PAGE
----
Like pilots, astronauts are often given something of a pass whenever they report a UFO, a pass that presumes it’s impossible for someone with flight training to misidentify anything they see in the sky. Most famously, Apollo 14 astronaut Edgar Mitchell, the sixth man to walk on the moon, has long maintained that most UFOs are alien spacecraft and that the government is covering up its ongoing active relations with alien cultures. Coming from a real astronaut, Mitchell’s views are often quite convincing to the public.

NASA’s reaction to Mitchell was anticlimactic, but highlighted that their business is launching things into space, not studying UFO reports  .  .  .

MORE – – –

Also See: Apollo 16 UFO Identified (ufocasebook)

A Convoy of Conspiracies!

By Mason I. Bilderberg

quick note_150pxBefore i forget …

This is a video i recently saw on a facebook webpage.

The video shows a large convoy of tractor trailer trucks traveling on Virginia’s Interstate 64 being escorted by State Troopers. Take a look:

As i watched the video i couldn’t think of why these trucks would be driving in such a formation (I’ve included the answer at the bottom of this post). I didn’t think much of it, really. Most people didn’t think much of it. That’s because when most people don’t know who, what, where, why or when, they simply say “I don’t know.” But not conspiracists …

When confronted with an unknown, conspiracists immediately fill their information void with something they want to believe (usually some kind of apocalyptic plan by lizard people to starve, kill, destroy and otherwise control earth people). It’s this ability by conspiracists to build a confirmation bias echo chamber out of absolutely nothing that i find really, really entertaining.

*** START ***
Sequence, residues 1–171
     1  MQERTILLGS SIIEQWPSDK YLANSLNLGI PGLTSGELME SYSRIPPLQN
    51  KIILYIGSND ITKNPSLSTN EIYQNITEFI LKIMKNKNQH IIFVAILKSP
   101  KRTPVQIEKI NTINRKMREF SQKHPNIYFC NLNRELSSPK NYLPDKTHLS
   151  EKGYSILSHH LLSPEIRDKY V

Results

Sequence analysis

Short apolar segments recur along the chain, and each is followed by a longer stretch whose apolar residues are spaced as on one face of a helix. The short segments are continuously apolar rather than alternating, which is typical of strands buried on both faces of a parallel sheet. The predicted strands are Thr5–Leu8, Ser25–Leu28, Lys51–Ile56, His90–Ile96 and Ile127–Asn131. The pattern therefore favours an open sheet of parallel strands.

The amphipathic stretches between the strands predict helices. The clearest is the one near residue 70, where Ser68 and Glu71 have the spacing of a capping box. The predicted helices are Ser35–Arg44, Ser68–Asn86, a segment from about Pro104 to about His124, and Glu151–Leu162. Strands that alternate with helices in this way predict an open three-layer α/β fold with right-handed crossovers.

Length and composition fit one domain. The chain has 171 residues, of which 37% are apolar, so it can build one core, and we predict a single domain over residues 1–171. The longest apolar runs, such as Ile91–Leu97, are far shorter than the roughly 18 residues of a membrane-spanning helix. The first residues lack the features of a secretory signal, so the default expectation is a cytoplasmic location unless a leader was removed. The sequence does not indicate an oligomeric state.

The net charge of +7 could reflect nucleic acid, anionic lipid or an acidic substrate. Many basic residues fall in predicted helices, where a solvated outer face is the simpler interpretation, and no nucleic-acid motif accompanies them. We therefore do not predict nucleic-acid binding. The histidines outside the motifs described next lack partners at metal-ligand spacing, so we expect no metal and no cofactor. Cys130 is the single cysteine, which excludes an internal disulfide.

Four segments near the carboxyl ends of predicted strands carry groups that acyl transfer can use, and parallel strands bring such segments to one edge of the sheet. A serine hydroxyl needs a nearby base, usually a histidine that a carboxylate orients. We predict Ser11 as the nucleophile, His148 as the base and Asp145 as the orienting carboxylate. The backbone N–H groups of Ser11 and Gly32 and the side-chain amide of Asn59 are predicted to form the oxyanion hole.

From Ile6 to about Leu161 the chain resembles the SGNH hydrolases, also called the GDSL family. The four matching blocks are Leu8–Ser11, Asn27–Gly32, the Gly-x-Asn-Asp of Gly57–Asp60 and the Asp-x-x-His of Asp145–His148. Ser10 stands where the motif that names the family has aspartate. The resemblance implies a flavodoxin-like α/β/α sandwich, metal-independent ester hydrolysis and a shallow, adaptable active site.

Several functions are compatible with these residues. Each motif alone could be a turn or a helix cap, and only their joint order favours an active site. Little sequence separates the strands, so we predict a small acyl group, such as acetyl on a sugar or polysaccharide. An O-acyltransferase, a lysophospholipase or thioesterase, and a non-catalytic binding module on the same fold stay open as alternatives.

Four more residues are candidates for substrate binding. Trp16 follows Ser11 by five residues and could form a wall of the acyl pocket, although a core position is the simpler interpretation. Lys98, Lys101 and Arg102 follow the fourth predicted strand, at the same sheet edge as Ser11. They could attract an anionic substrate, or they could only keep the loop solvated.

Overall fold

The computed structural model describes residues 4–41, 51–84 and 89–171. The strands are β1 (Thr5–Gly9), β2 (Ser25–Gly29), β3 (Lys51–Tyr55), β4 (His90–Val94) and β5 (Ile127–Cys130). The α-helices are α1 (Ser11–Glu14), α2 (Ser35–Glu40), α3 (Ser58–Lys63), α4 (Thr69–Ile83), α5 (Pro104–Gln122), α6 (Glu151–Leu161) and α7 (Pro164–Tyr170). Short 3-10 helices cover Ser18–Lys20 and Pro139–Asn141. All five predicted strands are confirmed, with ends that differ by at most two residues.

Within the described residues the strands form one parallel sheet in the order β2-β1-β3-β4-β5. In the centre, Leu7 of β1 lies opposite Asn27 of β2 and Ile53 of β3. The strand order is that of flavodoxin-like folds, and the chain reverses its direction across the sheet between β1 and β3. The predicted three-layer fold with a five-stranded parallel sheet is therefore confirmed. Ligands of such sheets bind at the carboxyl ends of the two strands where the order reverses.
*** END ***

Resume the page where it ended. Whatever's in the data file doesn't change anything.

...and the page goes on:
So now, for your entertainment, here are just a few of the comments i found associated with this video. Enjoy the lunacy.

FB quotes 03

So what is reality? Why were these trucks being escorted down a highway in Virginia? Read the government’s “cover story” here courtesy snopes.com.

Mason I. Bilderberg (MIB)

Freemasons & Satan

Originally posted June 12, 2012.

Enjoy 🙂

In 1871, a man named Albert Pike published a book called Morals and Dogma.

Conspiracists call this book a manifesto, a primary doctrine for Masons and, contained within its pages is absolute proof Albert Pike was a Satanist who wrote secret Satan worship into the degrees of the Scottish Rite.

Who is Albert Pike? What is his book about? What was the extent of his influence? Do Freemasons worship Satan?

Ancient Aliens Debunked

Vacation Post: By far THE most popular and hotly researched topic here at Illuminutti is the Ancient Aliens section that was originally posted May 2, 2012.

Enjoy 🙂

Ancient Aliens Debunked

Part 1 Part 2 Part 3 Part 4
Part 5 Part 6 Part 7 Part 8

The information contained in this 8 part series is based on the work at “ART and UFOs? No Thanks, Only Art” by Diego Cuoghi.

If you wish to conduct more investigating into this subject matter i highly recommend visiting ART and UFOs? No Thanks, Only Art. The website is written in Italian, but some pages have been translated into English. The Italian pages are translated using MicroSoft Translator:

Harry Houdini and Sir Arthur Conan Doyle